15. If you check references, please don’t check everyone’s references. People sometimes look for a job for months and months and their references shouldn’t be bothered unless there’s a pretty sure offer coming.
  16. If you really aren’t interested in someone, please don’t wait until the end of the entire process to let them know. I understand this is the policy in many places, but it can be a cruel one. Maybe this policy should be revisited? Or at least, let candidates know up front this is the way you plan to do it.
  17. Please wrap up the process and let people know where they stand as quickly as is humanly possible. It’s good for them and for you. Sometimes the hiring process drags on and on simply because no one person is driving it. Make sure someone good at moving things along has the wheel.
  18. BIG BONUS: If candidates who didn’t get the offer call for feedback after the process is over, see if you can provide at least some constructive feedback. (I know there may be policy reasons you can’t.)  Or suggest other places in the company or elsewhere for her/him to look. Or maybe there’s some p/t free-lance work you can clue her/him into. Even talented, dynamic people start to feel their self-confidence slipping after months of being out of work. A small act of kindness like this can make a huge difference.

There’s more?

I think that’s enough from me. I leave the rest for you who are out there every day going through what often feels like a process created with no rhyme or reason. While I know from my own experience on the employer side there actually are reasons (not so many rhymes) in most cases, my question is whether the reasons can at least be revisited through eyes that have some understanding of what you’re putting people through. (See: Angst.) And I say this having myself been guilty early on (before my eyes were opened) of making some of the very mistakes that drive you buggy.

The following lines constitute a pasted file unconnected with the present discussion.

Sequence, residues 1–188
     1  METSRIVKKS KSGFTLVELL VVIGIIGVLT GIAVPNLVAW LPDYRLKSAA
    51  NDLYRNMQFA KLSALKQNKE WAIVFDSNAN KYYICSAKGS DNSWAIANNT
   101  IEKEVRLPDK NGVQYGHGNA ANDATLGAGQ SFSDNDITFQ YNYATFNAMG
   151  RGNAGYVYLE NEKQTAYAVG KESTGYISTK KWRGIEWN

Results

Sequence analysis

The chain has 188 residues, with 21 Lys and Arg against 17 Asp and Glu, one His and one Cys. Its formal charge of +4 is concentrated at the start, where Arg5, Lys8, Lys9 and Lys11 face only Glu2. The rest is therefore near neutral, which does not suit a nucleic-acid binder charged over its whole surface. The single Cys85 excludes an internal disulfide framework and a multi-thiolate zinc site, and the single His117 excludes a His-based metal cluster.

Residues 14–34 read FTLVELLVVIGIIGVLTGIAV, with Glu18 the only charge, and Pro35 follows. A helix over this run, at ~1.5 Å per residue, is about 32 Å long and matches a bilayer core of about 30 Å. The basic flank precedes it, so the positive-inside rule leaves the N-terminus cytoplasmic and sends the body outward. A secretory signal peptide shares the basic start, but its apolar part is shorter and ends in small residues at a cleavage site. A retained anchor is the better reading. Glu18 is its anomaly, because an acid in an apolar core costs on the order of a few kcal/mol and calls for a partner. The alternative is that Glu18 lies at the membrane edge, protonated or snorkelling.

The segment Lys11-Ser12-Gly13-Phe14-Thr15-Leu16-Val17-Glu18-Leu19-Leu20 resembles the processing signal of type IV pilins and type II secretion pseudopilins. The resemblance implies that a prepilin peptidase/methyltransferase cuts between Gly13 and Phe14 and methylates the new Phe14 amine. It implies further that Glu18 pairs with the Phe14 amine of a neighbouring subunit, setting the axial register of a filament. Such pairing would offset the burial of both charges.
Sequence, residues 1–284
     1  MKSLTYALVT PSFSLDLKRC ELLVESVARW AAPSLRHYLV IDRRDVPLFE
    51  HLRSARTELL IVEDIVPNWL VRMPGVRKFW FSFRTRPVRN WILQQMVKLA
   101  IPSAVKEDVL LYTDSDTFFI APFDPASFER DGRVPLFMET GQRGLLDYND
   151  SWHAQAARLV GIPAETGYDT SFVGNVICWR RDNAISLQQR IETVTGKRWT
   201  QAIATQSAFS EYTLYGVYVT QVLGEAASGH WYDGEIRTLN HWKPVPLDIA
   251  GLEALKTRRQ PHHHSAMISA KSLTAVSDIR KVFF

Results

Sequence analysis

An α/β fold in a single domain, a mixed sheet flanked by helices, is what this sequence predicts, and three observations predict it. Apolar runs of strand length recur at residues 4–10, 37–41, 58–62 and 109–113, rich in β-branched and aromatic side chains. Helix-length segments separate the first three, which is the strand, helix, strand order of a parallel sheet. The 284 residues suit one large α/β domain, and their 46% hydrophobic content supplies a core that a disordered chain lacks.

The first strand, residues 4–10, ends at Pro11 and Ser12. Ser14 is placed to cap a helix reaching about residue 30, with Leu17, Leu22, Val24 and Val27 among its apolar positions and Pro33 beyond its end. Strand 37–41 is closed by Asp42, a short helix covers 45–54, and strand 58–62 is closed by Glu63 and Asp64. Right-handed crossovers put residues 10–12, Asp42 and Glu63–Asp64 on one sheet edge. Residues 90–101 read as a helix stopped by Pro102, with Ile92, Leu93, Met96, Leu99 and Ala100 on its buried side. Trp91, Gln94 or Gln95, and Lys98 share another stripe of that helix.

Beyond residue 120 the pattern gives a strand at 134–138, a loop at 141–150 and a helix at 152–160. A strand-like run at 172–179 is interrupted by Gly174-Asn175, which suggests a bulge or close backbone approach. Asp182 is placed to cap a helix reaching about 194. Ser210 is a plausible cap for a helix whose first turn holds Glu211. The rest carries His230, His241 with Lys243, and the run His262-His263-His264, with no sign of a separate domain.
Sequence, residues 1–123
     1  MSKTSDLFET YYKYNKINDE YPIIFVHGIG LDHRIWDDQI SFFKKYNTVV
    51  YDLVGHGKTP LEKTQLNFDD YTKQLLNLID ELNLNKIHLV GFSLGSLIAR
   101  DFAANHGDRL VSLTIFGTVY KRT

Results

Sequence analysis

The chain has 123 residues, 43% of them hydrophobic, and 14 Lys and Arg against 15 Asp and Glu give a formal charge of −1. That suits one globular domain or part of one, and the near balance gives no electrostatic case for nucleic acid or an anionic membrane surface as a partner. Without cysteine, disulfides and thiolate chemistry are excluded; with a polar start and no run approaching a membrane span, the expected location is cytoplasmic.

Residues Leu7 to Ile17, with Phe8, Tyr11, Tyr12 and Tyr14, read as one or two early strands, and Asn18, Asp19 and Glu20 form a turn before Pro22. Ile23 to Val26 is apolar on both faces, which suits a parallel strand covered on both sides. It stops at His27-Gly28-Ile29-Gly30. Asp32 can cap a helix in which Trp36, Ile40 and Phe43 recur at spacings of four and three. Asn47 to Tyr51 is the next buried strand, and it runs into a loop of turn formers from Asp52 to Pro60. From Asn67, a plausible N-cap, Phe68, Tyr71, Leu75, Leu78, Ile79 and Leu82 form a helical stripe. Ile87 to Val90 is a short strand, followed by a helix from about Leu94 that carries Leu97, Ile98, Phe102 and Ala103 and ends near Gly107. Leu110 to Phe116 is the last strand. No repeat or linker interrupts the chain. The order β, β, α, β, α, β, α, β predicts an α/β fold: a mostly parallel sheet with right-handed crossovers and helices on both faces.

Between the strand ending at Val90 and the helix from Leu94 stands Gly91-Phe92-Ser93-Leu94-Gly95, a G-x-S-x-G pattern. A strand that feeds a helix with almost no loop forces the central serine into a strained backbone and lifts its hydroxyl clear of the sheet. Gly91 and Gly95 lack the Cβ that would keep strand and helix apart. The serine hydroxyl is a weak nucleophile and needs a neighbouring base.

A while back, a reader named Matthew sent me his great list of of 5 things he wants an employer to know. You can find them here along with some terrific comments:

5 Ways Interviewers Make Job Seekers REALLY Angry

But I think we have MUCH more to tell them. So now…it’s your turn!

A few more posts you might find interesting:

How Do You Interview If Your Interviewer Doesn’t Know as Much as You Do?

What the Heck Goes On Behind the Scenes After a Job Interview?

Who the Heck is Screening Your Resume?

 

About the author…

Ronnie Ann, founder of Work Coach Cafe, bases her real-world advice on her many years as an organizational consultant where she helped interview and hire people, added to a certificate from NYU in Career Planning & Development and her own adventures as a serial job seeker. She can also be found on her new blog, and on Google+.

Comments

  1. Ronnie Ann – I stumbled upon your blog several months back and I’m so glad I did!! You always put a positive spin on what is, in my opinion, a crisis situation.

    I think you may have already said this – but I guess in all aspects of life I try to stick to The Golden Rule – “Treat others the way you wish to be treated.” It seems that compassion and humanity have been somehow lost these days. Treat the person you an interviewing with dignity and respect, the way you would like to be treated or how you would like a family member or friend to be treated.

    We are honest, hard-working people who are looking for a good opportunity. We are looking to be valued, respected, paid fairly and have some work-life balance.